Can anyone compare Thor to Shazam (aka Captain Marvel)?

Discussion in 'Comic Books and Graphic Novels' started by HordakFan, Aug 20, 2012.

  1. HordakFan

    HordakFan Banned

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    I mean they did fought in DC vs. Marvel back in 1996 and who else thinks they share similarities?

    Can anyone compare their strengths and weaknesses and their powers.
    Can anyone compare their mentors.
    Compare Loki to BlackAdam.
    Compare their IDs.
     
  2. smkspy

    smkspy is one nice fucking kitty

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  3. Aernaroth

    Aernaroth <b><font color=blue>I voted for Super_Megatron and Veteran

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    See previous thread. Similar only on a superficial level, and only if one ignores the core concepts and "spirit" of both characters. Are you actually reading my posts? Please respond, otherwise I'm just going to assume you're not and I'll stop putting any effort into this sort of thing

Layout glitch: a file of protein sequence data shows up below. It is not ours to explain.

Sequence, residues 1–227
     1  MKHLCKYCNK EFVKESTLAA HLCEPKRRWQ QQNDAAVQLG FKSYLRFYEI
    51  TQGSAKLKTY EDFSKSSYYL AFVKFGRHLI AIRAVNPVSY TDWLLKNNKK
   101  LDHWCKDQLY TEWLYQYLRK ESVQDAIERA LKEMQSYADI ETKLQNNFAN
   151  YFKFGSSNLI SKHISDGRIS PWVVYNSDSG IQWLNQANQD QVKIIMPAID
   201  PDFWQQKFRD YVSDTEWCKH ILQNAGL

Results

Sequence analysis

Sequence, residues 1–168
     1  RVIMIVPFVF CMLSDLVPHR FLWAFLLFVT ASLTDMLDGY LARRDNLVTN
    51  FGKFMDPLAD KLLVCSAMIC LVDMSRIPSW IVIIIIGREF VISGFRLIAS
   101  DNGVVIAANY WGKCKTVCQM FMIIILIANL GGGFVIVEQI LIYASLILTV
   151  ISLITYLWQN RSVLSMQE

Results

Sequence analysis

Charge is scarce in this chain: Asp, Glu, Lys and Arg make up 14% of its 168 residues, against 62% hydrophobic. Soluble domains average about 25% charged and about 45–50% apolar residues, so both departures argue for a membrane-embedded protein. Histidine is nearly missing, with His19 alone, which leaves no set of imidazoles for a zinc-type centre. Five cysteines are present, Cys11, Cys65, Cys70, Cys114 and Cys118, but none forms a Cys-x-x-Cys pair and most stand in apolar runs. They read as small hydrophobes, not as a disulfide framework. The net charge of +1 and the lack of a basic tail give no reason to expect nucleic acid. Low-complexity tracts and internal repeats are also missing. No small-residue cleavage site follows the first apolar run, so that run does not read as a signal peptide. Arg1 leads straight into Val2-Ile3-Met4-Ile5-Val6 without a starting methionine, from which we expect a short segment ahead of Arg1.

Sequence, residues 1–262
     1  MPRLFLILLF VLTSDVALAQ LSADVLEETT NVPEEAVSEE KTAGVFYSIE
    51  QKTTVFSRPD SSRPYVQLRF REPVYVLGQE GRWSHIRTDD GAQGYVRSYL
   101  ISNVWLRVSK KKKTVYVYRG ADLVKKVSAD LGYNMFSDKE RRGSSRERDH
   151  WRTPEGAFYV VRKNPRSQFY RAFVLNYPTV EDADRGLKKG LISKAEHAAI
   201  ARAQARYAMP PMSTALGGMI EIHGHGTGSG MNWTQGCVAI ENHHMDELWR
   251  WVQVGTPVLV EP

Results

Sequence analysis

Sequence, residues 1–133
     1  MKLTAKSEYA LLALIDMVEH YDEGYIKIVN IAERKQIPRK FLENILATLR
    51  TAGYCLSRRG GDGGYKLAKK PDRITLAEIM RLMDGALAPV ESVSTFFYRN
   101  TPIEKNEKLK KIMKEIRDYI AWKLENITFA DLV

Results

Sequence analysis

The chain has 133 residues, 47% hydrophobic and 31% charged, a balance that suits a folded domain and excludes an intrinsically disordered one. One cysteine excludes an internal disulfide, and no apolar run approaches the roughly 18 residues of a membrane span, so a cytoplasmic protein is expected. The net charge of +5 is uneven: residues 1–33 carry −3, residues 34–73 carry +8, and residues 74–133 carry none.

But going through the motions, both characters have thunder as a central aspect of their aesthetics, both are based on mythological origins, as opposed to scientific, extraterrestrial, or otherwise "supernatural" explanations.

    Both have superhuman strength and durability. Marvel can fly, move at superhuman speed, has access to wisdom of the ages and advice from mythologically wise figures, etc. Thor cannot fly, but can throw himself from place to place using his hammer (or hovering with it), and mjolnir is also an element that allows Thor control over storms, thunder, and lightning. By comparison, Marvel lacks the offensive use of lightning that Thor has (though he has jerry-rigged solutions from the magical lightning bolt that transforms him on occassions, it is a very different concept with its own implications), and carries no weapons other than his bare hands.